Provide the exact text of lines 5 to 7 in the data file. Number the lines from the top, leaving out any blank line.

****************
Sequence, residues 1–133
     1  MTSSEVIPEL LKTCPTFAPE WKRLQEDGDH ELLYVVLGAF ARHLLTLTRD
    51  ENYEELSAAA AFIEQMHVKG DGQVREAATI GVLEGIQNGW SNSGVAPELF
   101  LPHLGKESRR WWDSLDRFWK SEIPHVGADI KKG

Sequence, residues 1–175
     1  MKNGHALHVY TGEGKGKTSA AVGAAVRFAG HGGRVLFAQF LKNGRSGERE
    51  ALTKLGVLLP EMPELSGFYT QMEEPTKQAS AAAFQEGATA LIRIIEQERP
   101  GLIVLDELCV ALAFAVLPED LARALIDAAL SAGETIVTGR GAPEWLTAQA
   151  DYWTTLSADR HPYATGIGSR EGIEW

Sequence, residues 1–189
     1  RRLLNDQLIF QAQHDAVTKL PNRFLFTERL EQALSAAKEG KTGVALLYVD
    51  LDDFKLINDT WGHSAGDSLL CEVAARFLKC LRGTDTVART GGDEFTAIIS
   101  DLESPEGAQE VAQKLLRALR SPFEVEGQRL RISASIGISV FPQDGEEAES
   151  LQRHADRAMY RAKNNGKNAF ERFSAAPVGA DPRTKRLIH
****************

Sequence, residues 1–175
     1  MKNGHALHVY TGEGKGKTSA AVGAAVRFAG HGGRVLFAQF LKNGRSGERE
    51  ALTKLGVLLP EMPELSGFYT QMEEPTKQAS AAAFQEGATA LIRIIEQERP